Beautiful Dingbats

Fancy Font Generator

Hey, how'd you do that?

Do what? You mean use ๐–‹๐–†๐–“๐–ˆ๐–ž ๐–‹๐–”๐–“๐–™๐–˜ in ๐š๐šŽ๐šก๐š ๐š–๐šŽ๐šœ๐šœ๐šŠ๐š๐šŽ๐šœ, social media and more?

OMG, duh yes. ๐Ÿ™„

Just type your message below, click a style you want to copy, then paste the results

You might also likeโ€ฆ

How does this work?

Beautiful Dingbatsโ€™ Fancy Font Generator converts regular characters into Mathematical Alphanumeric Symbols. These characters were added to Unicode primarily for mathematicians to write equations.

๐–Š, ๐•–, and ๐“ฎ could mean different things, so itโ€™s crucial the styles stay the same, no matter where they appear.

What is Unicode?

Unicode is the reason the letters Iโ€™ve typed on my keyboard are the same as the letters that youโ€™re reading on your screen now.

Computers only use binary to store and send data; so there is no lowercase k or uppercase W in your computerโ€”just 1s and 0s.

Unicode is a practical agreement to use the same 1s and 0s to mean a lowercase k , an uppercase W , or even ๐Ÿ‘Œ.

k = 00000000000000000000000001101011
W = 00000000000000000000000001010111
๐Ÿ‘Œ = 11110000100111111001000110001100

Without everybody agreeing to these numbers the internet wouldnโ€™t be possible.

Unicode is a dictionary of all these numbers and to which characters they correspond. There are currently 137,439 characters.

Where can I use these fancy fonts?

Pretty much everywhere: social media posts, bios, and commentsโ€”including Facebook, Twitter, Reddit, Instagram, and Quoraโ€”email, instant messsages, browser bookmarks, wifi networks, and lots more.

They even show up in Google results.

About the Font Styles

๐”‰๐”ฏ๐”ž๐”จ๐”ฑ๐”ฒ๐”ฏ
fraktur / blackletter / gothic

Fraktur is a form of Blackletter or Gothic Script. First used to decorate religious texts, including the earliest printed book: the Gutenberg Bible.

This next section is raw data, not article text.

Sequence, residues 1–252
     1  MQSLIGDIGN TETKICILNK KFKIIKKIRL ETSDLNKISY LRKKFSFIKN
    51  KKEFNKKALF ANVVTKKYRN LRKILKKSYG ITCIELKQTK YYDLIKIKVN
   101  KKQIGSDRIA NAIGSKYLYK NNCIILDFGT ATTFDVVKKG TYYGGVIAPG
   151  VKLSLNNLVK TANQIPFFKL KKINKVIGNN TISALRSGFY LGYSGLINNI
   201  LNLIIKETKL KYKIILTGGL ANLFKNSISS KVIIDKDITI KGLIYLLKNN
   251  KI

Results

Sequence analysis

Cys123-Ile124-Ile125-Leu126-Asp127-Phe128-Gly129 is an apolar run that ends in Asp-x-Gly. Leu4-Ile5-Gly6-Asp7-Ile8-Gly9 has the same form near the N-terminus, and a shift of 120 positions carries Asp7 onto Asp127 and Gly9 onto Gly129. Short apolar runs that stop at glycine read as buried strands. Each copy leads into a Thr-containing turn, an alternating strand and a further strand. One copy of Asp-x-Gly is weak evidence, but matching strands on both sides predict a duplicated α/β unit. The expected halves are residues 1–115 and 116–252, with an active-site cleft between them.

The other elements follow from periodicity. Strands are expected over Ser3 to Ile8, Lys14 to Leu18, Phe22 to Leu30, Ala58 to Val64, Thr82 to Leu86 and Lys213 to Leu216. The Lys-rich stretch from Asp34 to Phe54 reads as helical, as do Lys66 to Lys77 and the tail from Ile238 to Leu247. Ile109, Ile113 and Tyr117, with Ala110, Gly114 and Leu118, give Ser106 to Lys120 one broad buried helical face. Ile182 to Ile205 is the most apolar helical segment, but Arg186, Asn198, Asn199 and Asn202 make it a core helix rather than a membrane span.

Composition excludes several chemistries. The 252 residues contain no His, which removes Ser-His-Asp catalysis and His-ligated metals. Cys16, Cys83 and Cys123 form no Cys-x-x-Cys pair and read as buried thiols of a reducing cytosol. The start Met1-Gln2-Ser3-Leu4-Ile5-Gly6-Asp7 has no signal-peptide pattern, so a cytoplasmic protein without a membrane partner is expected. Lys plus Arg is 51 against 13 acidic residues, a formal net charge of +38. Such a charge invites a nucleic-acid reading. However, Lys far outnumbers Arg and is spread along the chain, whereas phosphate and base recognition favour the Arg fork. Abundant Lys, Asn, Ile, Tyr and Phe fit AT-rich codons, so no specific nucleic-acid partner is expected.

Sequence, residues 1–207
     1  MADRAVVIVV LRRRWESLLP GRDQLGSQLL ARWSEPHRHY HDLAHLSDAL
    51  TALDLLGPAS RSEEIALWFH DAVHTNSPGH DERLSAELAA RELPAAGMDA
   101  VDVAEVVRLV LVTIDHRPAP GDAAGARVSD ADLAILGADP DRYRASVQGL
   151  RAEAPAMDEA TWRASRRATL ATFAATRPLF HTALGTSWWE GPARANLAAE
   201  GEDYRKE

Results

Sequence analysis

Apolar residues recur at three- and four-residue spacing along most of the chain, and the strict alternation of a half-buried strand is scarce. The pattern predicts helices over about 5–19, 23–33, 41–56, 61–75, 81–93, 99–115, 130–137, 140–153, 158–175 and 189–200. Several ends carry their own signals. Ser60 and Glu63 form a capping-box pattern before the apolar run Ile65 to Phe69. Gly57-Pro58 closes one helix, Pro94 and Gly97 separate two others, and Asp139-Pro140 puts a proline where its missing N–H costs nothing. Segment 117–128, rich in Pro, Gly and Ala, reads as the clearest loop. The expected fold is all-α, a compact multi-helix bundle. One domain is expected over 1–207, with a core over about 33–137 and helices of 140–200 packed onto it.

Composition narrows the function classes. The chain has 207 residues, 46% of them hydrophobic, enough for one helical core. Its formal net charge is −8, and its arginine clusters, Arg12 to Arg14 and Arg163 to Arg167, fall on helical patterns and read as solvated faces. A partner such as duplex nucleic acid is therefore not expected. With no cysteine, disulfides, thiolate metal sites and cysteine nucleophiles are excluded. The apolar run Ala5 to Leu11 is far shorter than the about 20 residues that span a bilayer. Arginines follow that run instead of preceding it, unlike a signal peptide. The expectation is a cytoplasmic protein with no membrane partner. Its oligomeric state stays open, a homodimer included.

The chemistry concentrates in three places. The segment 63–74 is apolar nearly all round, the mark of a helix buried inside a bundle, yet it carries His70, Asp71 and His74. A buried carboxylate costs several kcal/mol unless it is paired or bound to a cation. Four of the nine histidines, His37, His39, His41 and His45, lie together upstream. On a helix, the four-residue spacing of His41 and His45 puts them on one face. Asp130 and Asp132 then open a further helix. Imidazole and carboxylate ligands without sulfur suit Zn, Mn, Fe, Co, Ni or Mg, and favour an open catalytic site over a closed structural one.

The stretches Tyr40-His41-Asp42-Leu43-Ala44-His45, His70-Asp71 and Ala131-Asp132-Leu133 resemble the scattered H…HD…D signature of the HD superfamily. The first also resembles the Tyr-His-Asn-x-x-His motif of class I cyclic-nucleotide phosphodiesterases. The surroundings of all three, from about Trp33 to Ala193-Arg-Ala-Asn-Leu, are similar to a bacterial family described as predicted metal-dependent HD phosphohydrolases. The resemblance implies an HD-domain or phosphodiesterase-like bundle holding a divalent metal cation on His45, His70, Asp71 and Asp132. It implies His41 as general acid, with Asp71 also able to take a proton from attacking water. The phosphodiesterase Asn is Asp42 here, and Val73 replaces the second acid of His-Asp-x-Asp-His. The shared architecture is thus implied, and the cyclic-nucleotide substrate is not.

It looks great as a heading, but itโ€™s hard to read. Avoid using it in large blocks of text.


๐™ผ๐š˜๐š—๐š˜๐šœ๐š™๐šŠ๐šŒ๐šŽ
monospace / typewriter

Monospaced fonts were created for typewriters โ€” for practical purposes every character needed to be the same width.

Theyโ€™re still used in computer terminals, and code editors, as they align each line of code.

You can also use these characters to create tables and calendars, like in Beautiful Dingbatsโ€™ Calendar Generator


๐”ป๐• ๐•ฆ๐•“๐•๐•– ๐•Š๐•ฅ๐•ฃ๐•ฆ๐•”๐•œ
double struck / outlined / blackboard bold

Double Struck is also known as blackboard bold. It originated as an attempt to create bold lettering with chalk on a blackboard.

The style worked its way into mathematical equations. Later it was emulated on typewriters by overlaying the same character twice. Leading to the name double struck.


๐’ฎ๐’ธ๐“‡๐’พ๐“…๐“‰
script / cursive / handwriting

Script is an attempt to recreate cursive handwriting.

Recreating cursive on computer screens is ridiculous. Especially when the letters donโ€™t join up. Use for sad ironic purposes only.


๐Ÿ…’๐Ÿ…˜๐Ÿ…ก๐Ÿ…’๐Ÿ…›๐Ÿ…”๐Ÿ…“
circled / enclosed alphanumerics

Circled or enclosed alphanumerics if youโ€™re fancy โ€” are useful for making bullet points. Also useful when writing about the criminally underfunded NYC metro. e.g. ๐Ÿ…› train.


๐Ÿ†‚๐Ÿ†€๐Ÿ†„๐Ÿ…ฐ๐Ÿ†๐Ÿ…ด๐Ÿ…ณ
squared / enclosed alphanumerics

Squared characters have a wide variety of uses.

The first ones were added to unicode for Japanese television stations. They needed symbols for like ๐Ÿ…† for wide format broadcasting, and ๐Ÿ„ฝ for news.

Later Unicode added ๐Ÿ…ฐ ๐Ÿ…ฑ ๐Ÿ…พ and ๐Ÿ†Ž for blood types, ๐Ÿ† for public toilets, and ๐Ÿ…ฟ for parking. These were quickly followed by the rest of the alphabet.

Note โ€” Some of these symbols render as emoji, some of the time.

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First Published โ€” 18 December 2018
Last Update โ€” 9 January 2020

by John Bartlet